Chloe Roses

History of Chloe Roses:

The rose Chloe was first discovered in 2002 by a Canadian rose breeder named Jim Pazdzierski.  He discovered this sport on another rose named Brittany’s Glowing Star, and he subsequently named it after his granddaughter Chloe.  This stunning little miniature yellow rose will produce blooms that are about 2 inches in diameter and have almost no fragrance.  The blooms will be moderately full for a small rose, containing about 20 to 25 petals each, forming in small clusters.

Chloe roses will only grow about 20 inches tall, with some getting as high as 2 feet.  These repeat bloomers will do well in flower beds or containers and are sure to brighten up any garden or patio.  You will find that the rose Chloe will grow with great success in zones 6 through 9 and they also make for great cut flowers.

Growing Chloe Roses:

Growing the rose Chloe is much the same as growing other types of roses.  You first need to select a site that gets a lot of sun light.  Like most miniature roses, this one is a vigorous grower that produces an abundance of blooms.  In order to do its best work, you will need to provide this rose with at least 6 to 8 hours each day of direct sun light.

You also will want to plant Chloe roses in soil that is well drained.  This is easy if you are growing your roses in containers, however it can be sometimes tricky if you are planting them directly into your flower beds.  If you are unsure about the quality of your garden soil, you can resolve this issue easily by taking a trip to your local garden center and pick up a bag of organic compost.  Mix this compost into your soil at a ratio of 1 part compost for every 2 parts soil.  This is a great planting mix for most plants, but I have found the roses especially love it and establish quickly.  Your rose Chloe will also.

Planting Chloe Roses:

Planting the rose Chloe is pretty straight forward.  If you bought your rose locally, then more than likely it was already established in a container and probably ready to bloom.  This is the most common and also the easiest to plant.  Dig yourself a hole that is at least twice the diameter of the rose, and equally as deep.  This gives you a lot of room around the root system for your soil mix, but it also keeps the bud union at the same depth it was originally planted.

Now if you ordered your Chloe roses online, they may have shipped them to you as bareroot plants.  You should first soak these overnight in a bucket of lukewarm water to rehydrate the roots.  Then dig a hole that is as wide as the longest roots, and deep enough to allow you to set the plant atop a mound of soil, while still keeping the bud union no more than an inch or two below the surface.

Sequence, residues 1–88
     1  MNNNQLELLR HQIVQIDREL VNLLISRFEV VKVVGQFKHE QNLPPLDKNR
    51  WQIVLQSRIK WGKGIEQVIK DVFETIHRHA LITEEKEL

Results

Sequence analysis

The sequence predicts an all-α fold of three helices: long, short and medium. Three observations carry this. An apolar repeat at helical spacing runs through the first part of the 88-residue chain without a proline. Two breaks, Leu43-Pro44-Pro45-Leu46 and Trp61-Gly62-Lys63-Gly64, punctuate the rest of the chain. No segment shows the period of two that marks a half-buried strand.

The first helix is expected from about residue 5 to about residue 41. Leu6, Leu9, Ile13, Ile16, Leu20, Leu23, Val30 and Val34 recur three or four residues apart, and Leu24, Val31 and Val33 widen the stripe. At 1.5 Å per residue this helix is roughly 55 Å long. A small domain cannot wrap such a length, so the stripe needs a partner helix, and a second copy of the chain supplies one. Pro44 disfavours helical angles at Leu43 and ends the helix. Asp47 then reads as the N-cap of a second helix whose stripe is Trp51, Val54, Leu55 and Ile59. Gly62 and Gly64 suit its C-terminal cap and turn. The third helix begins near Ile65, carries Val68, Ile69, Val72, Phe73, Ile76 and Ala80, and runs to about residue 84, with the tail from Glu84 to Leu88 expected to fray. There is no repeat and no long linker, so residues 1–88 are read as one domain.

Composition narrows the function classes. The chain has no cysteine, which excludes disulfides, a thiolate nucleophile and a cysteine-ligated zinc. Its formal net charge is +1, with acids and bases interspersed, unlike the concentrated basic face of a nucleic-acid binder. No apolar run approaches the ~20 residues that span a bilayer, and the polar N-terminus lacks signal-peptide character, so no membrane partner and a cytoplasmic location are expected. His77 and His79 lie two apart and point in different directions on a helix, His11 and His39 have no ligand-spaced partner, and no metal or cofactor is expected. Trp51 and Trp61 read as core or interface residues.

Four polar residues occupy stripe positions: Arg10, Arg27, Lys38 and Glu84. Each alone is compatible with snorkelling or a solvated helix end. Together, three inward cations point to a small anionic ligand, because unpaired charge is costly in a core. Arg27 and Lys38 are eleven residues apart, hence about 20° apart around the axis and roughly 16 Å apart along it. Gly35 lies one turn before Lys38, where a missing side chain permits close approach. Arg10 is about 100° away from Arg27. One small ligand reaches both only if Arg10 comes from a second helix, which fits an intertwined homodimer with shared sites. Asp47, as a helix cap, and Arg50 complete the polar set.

Set your rose Chloe in place and then spread the roots out in all directions around the mound.  Back fill the hole halfway to start, using your soil mix and water heavily with the garden hose until the soil flows like mud around the roots.  Go ahead and fill the hole the rest of the way and give it one more heavy watering, making sure to top off any final settling.  This method should ensure that no air pockets have formed around the roots.  

Depending on your climate, you may want to mound up some fresh mulch around the exposed canes until new growth forms, to prevent the plant from drying out.

Caring for Chloe Roses:

Taking care of the rose Chloe is a simple matter and you can follow the same basic guidelines that you would with other roses.  You will need to make sure that you are providing your roses with ample water, while being careful not to overdo it.  A good rule of thumb for most climates is one deep watering every week.  If you live in a hot or dry climate, then you may need to bump that up to every 4 to 5 days.

You should also give your Chloe roses a dose of a good all-purpose granular fertilizer in the early spring when the leaves begin to form.  Since this is a repeat bloomer, it will also benefit from additional feedings throughout the growing season.  I will typically give my roses a second feeding right after the first big bloom, and then a third feeding sometime around the middle of the summer.  Your rose Chloe will do well on this schedule as well.

Pruning Chloe Roses:

You should always prune the rose Chloe in the early spring before the leaves start to form.  Start by removing all the dead and discolored canes and discard them.  Next, prune back any overlapping canes as these will eventually compete with one another for sun light when the leaves fully open.  Lastly, cut back the remaining canes by about one third of their current height, to promote new growth.

This is also the time to clean up around the base of your roses and get rid of all that debris that may have collected there from the previous growing season.  Throw away all this material in the trash along with your cuttings.  Never let this material lay around your roses as decaying matter can quickly become a breeding ground for various pests and diseases.  Finish up your pruning by giving your rose Chloe a fresh layer of mulch to start off the growing season.



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Chloe Roses
Chloe Roses
Chloe Roses
Chloe Roses
Chloe Roses